A leading automaker was provided substantial financial assistance to an organization advocating the spread of the use of Electric Vehicles (EV). Plug In America, a nonprofit organization received a $25,000 grant from Nissan North America, Inc. in support of its continuing efforts to speed the adoption of mass-market plug-in vehicles through education and outreach.
"We are thrilled that Nissan has acknowledged Plug In America's leadership in the reintroduction of EVs to the marketplace," Plug In America president Dan Davids said during a two-day meeting at the Nissan headquarters. "This grant will accelerate our efforts to educate industry, government, and consumers about the many benefits of plug-in vehicles."
According to a statement released by group, the organization claimed that since its 2003 inception, it has campaigned tirelessly to stop automakers from crushing Electric Vehicles.
Its efforts have ranged from high school lecture-demos with Tesla Roadsters to federal legislative advocacy and global media outreach, the group said.
"Plug in America has championed the benefits of electric vehicles with unwavering focus and consistency for the better part of a decade," said Scott Becker, Senior Vice President of Nissan North America. "We’re gratified to be able to help support the organization’s continuing efforts to increase positive awareness of EVs for consumers, manufacturers and policymakers alike."
Plug in America stated that with new EVs such as Nissan’s Leaf slated to reach showrooms in just months, the nonprofit organization is currently working to boost purchasing incentives for plug-in vehicles and charging stations and to raise awareness of existing incentives.
With the goal of maximizing consumers’ daily driving experience, it is collaborating with municipalities, utilities, automakers and others to build the coming public charging infrastructure.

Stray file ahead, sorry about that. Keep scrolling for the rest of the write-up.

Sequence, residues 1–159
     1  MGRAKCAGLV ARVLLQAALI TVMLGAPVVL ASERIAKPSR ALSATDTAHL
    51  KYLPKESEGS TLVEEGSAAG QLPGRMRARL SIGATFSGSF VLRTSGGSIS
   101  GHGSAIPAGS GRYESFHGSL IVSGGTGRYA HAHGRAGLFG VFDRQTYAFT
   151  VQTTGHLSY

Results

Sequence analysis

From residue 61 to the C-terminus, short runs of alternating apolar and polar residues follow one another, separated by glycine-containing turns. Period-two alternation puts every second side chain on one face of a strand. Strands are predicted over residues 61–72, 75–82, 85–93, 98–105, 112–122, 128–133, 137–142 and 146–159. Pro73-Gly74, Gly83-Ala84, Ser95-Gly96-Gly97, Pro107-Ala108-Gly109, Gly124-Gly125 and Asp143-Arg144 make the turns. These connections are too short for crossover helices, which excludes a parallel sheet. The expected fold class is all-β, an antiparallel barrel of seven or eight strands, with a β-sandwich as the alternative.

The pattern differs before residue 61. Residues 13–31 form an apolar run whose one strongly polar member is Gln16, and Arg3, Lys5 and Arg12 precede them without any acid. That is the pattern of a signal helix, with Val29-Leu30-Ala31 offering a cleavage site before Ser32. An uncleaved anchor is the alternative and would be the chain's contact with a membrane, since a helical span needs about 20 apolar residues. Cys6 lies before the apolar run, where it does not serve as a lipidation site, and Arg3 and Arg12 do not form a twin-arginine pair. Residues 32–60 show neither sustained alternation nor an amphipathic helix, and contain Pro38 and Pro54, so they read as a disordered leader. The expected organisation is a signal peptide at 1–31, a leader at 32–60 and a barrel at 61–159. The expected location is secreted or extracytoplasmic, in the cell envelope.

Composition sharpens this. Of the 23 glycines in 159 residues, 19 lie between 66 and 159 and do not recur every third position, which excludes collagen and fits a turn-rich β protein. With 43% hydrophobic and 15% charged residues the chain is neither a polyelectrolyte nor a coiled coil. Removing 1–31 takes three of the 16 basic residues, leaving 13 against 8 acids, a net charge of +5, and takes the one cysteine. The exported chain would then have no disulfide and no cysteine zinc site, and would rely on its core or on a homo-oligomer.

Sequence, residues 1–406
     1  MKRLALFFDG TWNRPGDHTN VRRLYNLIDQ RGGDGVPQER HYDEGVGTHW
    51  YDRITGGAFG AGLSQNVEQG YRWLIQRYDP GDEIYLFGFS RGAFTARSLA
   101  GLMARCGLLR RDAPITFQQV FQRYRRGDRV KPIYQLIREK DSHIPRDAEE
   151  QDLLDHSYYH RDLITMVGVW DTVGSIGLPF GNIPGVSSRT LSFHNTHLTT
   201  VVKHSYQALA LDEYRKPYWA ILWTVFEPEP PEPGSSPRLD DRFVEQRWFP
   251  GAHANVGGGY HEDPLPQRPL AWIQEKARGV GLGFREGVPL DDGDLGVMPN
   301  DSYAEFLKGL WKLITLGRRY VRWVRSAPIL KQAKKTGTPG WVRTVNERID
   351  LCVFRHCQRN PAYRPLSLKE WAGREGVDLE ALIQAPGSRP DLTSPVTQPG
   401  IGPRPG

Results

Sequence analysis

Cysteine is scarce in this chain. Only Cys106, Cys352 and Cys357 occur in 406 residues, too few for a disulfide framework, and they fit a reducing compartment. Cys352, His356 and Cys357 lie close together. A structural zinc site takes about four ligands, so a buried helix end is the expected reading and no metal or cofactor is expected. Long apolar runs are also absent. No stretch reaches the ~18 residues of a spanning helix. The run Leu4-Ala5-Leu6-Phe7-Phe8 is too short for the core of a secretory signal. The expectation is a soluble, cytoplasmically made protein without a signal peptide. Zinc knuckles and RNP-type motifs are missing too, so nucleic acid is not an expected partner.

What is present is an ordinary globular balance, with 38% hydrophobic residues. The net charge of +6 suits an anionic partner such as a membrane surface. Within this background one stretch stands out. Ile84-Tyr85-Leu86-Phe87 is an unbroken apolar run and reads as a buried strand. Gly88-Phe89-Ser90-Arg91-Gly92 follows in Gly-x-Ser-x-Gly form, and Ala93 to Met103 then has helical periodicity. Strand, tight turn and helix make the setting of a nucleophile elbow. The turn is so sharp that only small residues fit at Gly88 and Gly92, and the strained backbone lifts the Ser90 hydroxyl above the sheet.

Meanwhile, Nissan claims in a statement posted in their website, that Leaf will be the first affordable, mass-market electric vehicle (EV). Nissan.
Japan’s third biggest carmaker, said that its Leaf electric car would cost less than 30,000 euros ($38,110) in most European countries.
The company together with its French alliance partner Renault has invested some four billion dollars in their electric vehicles’ projects like the “Leaf,” which will be out in Western countries next year.
In the United States, the Leaf is priced at $32,780 excluding federal tax credits or other incentives, which could cut the Leaf’s price to around 10 percent to around $23,000.
Davids and seven other Plug In America board members accepted the grant during meetings with Nissan executives including Carlos Tavares, Chairman and Executive Vice President for Nissan Americas, according to the organization.
The meetings touched on topics from Leaf project updates to market research and will include a tour of the site in Smyrna, TN on which Nissan plans to build Leaf manufacturing and battery plants.
In other "readiness" efforts to prepare all stakeholders for the plug-in vehicle re-emergence, Plug In America created a comprehensive Plug-In Vehicle Tracker of myriad makes and models to come, and published its first annual "Definitive Guide to Plug-in Electric Vehicles." It helped to roughly double incentive funding in the California Air Resources Board’s Clean Vehicle Rebate Project and boost funding in the federal stimulus bill for plug-in vehicles. For more information: www.pluginamerica.org